(Do you know someone who could benefit from growing their business?
Why not send them a copy of this article about effective advertising?)
How often have you heard someone say that advertising doesn’t work? Or that they ran an ad but didn’t get any response? (Maybe you’ve even said this yourself?)
I guess it depends how much you hang-out with business owners and talk marketing… but for me, it’s a daily occurrence, and has been for years.
So why is it that advertising is also a $200 billion industry in the US alone – if it doesn’t work?
Because businesses know that they need to reach their audience if they want to generate more sales – and there are people out there who specialize in refining the art and science of advertising, and yes it’s both.
However, the biggest problem when it comes to advertising is that the vast majority of business owners aren’t trained in marketing and they don’t have the budget to hire expert agencies to handle it for them.
Unfortunately, there is also a misconception that whether or not an ad is effective and will produce an ROI is relevant to the publication/medium that the ad is provided through. The vast majority of the time, it’s not.
The reality is that ANY audience has the potential to provide an ROI on an ad. There might be a few rare exceptions when it comes to super specialized niches, but they’re rare. When we’re looking at mainstream media outlets of any medium and any size – it’s not the media provider itself that determines whether or not your ad will work.
A media provider is really nothing more than a distribution channel. And to paraphrase Roy Williams, there’s no such thing as a bad audience. In fact, when you consider the six-degrees of separation theory, every person out there provides potential to grow your business – because if something isn’t a direct fit for them, chances are high that they know someone that it is a fit for.
It’s more important to be aware of this than you likely think.
There are actually many variables and factors that come into play to determine the effectiveness of your ad.
The obvious component is the message itself. What does your ad say? And more importantly what is it saying in the minds of the audience you’re reaching? You need to create specific messages that speak to specific people – even if that means creating multiple different messages. Don’t try to snag all of your different audience targets in one message – it’ll end up not working on anyone.
Another component is your imagery. Visuals are huge when it comes to advertising, they convey so many different thoughts and emotions in the people who see them. So make sure that your visuals align with your messages as well as the intended, specific audience.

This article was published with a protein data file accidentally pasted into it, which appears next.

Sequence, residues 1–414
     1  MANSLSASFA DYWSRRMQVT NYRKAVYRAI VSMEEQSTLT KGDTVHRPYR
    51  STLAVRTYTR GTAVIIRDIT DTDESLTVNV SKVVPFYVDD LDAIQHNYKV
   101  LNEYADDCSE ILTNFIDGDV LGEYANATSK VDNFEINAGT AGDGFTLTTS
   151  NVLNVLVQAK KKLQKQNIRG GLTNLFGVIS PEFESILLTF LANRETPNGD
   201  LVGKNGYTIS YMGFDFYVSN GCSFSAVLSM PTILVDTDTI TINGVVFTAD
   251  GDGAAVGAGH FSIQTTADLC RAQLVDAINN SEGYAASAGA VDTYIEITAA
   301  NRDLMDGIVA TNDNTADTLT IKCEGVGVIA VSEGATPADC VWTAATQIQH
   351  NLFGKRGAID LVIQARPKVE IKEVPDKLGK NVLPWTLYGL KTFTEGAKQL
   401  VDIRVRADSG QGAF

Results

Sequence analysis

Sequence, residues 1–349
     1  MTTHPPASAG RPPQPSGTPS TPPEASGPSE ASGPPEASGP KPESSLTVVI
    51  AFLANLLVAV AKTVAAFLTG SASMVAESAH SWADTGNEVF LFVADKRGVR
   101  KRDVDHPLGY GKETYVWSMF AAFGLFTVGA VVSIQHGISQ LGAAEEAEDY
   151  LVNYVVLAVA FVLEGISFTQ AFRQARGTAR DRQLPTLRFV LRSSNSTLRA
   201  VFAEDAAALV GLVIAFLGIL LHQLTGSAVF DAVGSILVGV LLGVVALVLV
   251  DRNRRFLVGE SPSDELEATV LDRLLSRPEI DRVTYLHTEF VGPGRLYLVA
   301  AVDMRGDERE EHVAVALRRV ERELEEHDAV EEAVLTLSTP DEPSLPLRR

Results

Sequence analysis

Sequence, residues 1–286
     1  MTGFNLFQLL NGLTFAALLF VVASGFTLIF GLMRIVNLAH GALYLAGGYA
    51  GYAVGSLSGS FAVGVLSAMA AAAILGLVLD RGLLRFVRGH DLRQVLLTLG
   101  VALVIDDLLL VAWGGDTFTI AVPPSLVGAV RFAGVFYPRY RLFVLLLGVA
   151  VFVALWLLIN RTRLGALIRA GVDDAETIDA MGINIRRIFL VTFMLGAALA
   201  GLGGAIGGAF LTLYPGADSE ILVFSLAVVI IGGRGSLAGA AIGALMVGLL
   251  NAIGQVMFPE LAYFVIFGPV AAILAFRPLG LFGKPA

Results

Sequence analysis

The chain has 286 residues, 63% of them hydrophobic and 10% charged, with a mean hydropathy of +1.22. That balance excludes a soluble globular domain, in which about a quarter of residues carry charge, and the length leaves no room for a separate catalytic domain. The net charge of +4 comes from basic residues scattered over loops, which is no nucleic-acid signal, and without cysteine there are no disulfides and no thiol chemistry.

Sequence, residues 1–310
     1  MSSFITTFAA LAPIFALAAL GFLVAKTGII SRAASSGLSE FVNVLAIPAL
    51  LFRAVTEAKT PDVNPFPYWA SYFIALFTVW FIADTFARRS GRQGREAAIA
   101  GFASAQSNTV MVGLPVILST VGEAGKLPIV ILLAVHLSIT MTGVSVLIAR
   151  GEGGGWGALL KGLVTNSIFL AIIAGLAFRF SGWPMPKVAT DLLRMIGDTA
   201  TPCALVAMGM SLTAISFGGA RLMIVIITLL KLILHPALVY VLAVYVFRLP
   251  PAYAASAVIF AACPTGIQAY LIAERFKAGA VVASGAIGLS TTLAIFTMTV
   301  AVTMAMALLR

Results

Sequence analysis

We’ll dive deeper on these topics in other articles, for now just start thinking about these two important components and let your subconscious do the wonderful things that it does – you’ll soon have more ideas than you’ll know what to do with.
Before I go, I want to point out that besides these obvious components, there are actually 3 other essential components if you want to make your advertising campaigns effective. Want to learn what they are? Click the button below to download a short, free report that explains them.Get your free report on how to make your advertising campaigns effective!
Author Bio - Tanya Jones-ThibodeauMy passion is helping people. I have a knack for it. Twenty-five years ago I was helping people learn how to play the piano – today I’m helping people learn how to play the computer. I work primarily with raw beginners and those just getting going in the digital landscape. I guide you step by step in setting up your online presence so you’re excited to share it with the world. I provide online courses and strategic planning on all aspects of leveraging the digital landscape to increase the exposure of your business – from how to use the technology behind to what makes for effective marketing. I’ve led an enjoyably varied with over 25 years of business experience in different sectors – it all adds to what I do. My background in publishing, marketing, technology, small business and professional industries all helped to inspire my desire to develop this style of training programs. I’m the techie who speaks non-techie!